Bishop Sycamore Catfishes High School Football

The sport of football has officially been catfished, and this isn’t a Mante Teo tribute.

This past Sunday, the “school” faced notable IMG Academy in a game as part of ESPN’s weeklong high school football showcase. Touted as a program loaded with Division I talent, the 58–0 blowout quickly confirmed Sycamore was not worthy, and that’s even before the story began to unfold.

In Columbus, Ohio, Bishop Sycamore is not a part of the Ohio High School Athletic Association. The address it provides to recruits is the address for the library of Franklin University.

However, the university did confirm via The Columbus Dispatch that it had previously rented a room to Bishop Sycamore.

Classes are conducted online, and its current status, according to reports, is a “non-chartered, tax-supported” school. However, what is unclear is whether the proper paperwork has been recorded to maintain that status.

Then there are the athletes.

Bishop Sycamore’s roster includes postgraduate players that are collegiate ages as old as 19 or 20. Digging a little deeper and some of them might have played in junior college games, allegedly.

Adding more tinsel to the dumpster fire, Bishop Sycamore’s Head coach Roy Johnson was part of a federal fraud investigation. The local African Methodist Episcopal Church has denied involvement with his previous football-centric school. He also has an active bench warrant for failing to appear in a domestic violence case.

The bench warrant for failure to appear in a domestic violence case, dropped to a criminal mischief charge, was issued July 2 by the Delaware County Sheriff’s Office. It remains active.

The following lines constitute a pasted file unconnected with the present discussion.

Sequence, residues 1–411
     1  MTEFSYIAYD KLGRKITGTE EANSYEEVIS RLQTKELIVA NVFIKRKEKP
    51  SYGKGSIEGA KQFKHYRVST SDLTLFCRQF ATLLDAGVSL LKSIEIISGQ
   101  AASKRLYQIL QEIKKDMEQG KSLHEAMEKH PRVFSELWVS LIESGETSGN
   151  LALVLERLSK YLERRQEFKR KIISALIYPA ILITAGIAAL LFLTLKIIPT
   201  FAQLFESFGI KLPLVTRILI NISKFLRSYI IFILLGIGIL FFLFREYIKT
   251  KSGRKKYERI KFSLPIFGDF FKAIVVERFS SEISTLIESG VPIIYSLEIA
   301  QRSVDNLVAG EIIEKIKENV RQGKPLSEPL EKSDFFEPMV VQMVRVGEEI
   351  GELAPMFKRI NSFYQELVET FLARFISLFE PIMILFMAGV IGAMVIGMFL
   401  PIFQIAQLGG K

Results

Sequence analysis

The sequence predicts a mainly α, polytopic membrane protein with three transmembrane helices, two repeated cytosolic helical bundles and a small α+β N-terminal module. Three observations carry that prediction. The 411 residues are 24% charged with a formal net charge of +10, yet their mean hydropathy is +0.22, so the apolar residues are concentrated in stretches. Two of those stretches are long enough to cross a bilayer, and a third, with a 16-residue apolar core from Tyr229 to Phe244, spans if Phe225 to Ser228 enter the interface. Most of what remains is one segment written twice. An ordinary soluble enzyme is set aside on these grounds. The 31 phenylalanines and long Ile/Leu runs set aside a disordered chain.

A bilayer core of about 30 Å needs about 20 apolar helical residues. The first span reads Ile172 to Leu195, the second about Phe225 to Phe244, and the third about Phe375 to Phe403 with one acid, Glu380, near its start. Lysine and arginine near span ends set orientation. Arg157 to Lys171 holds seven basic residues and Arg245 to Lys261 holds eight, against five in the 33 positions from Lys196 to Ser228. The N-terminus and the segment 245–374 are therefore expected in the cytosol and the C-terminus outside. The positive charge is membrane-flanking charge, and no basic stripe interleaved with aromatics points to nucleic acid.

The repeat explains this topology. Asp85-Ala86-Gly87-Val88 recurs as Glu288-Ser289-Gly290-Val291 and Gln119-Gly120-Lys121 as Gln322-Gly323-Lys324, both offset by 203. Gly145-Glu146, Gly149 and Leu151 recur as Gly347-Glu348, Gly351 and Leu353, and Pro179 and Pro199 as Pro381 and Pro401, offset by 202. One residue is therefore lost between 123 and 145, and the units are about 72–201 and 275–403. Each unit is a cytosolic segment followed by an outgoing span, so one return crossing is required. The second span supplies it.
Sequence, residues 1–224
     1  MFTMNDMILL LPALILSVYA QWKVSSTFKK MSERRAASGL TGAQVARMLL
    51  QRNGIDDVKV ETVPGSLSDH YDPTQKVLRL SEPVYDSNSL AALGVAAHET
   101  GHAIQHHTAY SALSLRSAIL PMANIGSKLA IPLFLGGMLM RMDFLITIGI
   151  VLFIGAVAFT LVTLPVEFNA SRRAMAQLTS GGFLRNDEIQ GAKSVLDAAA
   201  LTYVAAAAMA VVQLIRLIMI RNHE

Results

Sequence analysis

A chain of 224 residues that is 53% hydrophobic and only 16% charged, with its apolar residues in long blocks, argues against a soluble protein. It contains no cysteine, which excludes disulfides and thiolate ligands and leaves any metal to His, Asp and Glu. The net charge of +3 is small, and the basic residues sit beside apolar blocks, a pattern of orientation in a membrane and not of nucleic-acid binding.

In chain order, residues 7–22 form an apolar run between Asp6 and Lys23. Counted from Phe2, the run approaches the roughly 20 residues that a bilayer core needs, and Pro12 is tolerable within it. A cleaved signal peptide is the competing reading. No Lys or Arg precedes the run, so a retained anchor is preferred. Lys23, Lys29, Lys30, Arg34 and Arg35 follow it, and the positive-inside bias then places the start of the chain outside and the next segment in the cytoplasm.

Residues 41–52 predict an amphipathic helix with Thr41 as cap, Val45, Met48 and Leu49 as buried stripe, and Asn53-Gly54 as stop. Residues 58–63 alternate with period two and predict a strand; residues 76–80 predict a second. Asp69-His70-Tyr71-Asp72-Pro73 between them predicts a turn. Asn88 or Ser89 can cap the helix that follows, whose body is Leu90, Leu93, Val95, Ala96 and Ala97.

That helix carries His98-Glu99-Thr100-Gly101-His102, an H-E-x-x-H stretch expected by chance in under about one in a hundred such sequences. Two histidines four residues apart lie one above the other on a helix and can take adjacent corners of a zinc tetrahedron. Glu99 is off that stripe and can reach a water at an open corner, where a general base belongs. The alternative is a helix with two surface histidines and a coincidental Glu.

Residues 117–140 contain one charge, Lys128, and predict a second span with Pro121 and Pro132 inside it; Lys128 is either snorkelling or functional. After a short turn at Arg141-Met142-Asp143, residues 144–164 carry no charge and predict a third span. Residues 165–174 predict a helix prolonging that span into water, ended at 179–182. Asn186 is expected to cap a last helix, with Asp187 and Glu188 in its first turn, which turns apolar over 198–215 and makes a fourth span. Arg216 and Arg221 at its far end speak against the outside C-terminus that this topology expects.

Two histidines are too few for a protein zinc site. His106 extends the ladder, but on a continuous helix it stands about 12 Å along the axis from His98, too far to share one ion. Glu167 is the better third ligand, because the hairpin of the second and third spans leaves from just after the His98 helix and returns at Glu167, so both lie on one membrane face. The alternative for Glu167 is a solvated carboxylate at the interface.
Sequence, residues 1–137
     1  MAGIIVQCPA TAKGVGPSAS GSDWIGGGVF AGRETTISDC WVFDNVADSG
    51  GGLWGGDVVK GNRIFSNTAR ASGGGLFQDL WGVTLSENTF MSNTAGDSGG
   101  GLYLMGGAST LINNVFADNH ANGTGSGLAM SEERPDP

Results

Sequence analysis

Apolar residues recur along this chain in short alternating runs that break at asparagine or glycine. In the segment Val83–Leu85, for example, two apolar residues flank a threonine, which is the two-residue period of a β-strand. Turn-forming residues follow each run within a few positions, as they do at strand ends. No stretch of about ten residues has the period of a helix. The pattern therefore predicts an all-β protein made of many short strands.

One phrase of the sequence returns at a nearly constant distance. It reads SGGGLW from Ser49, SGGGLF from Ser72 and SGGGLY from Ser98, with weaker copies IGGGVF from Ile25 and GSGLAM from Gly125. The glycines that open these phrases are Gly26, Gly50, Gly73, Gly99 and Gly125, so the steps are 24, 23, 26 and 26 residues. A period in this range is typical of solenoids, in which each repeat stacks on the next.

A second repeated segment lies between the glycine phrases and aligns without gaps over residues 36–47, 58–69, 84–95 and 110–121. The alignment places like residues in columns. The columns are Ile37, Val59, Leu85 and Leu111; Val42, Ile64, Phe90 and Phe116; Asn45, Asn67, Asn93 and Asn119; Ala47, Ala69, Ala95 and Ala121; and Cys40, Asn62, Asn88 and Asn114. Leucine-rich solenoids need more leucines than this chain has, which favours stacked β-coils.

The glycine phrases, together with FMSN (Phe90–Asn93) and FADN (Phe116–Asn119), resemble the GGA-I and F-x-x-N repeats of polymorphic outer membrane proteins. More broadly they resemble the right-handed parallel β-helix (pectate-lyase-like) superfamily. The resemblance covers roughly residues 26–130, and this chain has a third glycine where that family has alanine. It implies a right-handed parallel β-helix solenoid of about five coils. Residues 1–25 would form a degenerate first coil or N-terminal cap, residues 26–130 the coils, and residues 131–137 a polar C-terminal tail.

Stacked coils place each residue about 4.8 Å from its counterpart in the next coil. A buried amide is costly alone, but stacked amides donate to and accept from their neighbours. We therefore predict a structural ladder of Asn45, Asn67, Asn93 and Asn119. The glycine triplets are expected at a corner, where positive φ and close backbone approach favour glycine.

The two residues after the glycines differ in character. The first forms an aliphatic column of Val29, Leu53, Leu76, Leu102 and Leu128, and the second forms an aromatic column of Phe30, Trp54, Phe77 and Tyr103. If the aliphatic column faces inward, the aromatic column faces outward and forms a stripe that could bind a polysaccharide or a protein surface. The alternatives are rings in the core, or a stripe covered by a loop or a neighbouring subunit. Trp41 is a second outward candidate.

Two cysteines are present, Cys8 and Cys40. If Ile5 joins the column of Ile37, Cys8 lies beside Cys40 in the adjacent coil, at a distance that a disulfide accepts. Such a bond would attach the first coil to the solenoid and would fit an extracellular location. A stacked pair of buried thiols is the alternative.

In addition, a Franklin County judge ruled Johnson and Jay Richardson will go to trial for defaulting on a $100,000 loan issued in April 2018 that never was repaid to First Merchants Bank. Richardson is a former Ohio State Buckeye and current Columbus prep sports TV personality.

Johnson’s $100,000 loan issue has been problematic as head coach of Christians of Faith Academy, the precursor to Bishop Sycamore’s football operations. There is also a 2019 civil lawsuit filed by ARN Hospitality, owner of a Delaware, OH-based Baymont Hotel, where according to reports, the head coach housed football players in rooms during the Fall of 2018.

ARN Hospitality says Johnson owes a balance of $110,685.

On Monday, the coach held a Twitter chat, explaining his academic process and confirming that students attend classes online. He also revealed that the school doesn’t have a building or a dedicated practice facility.

The team will even practice on an open parking lot if that’s all they can find, and underage players stay with him while players 18 and older live in scattered locations.

“We rent space a few days a week to go over our classroom stuff class, work stuff,” the coach said. “That’s in the eastern area so you can kind of get us there in a few days a week that we have school. Remember we’re not a traditional school so we don’t have our young men sitting in school from 7:00 AM.”

With just five wins since Johnson evolved from Christians of Faith Academy, the school went 0-6 in 2020, outscored 227-42. This season, through two games, they’ve been outscored 96-0 and face Johnson Central next in Paintsville, Kentucky.

With high school athletics and their football programs being a premium for many school districts and parents nationwide, Bishop Sycamore is testing the limits of credibility for student-athletes and gambling their futures on its premise.

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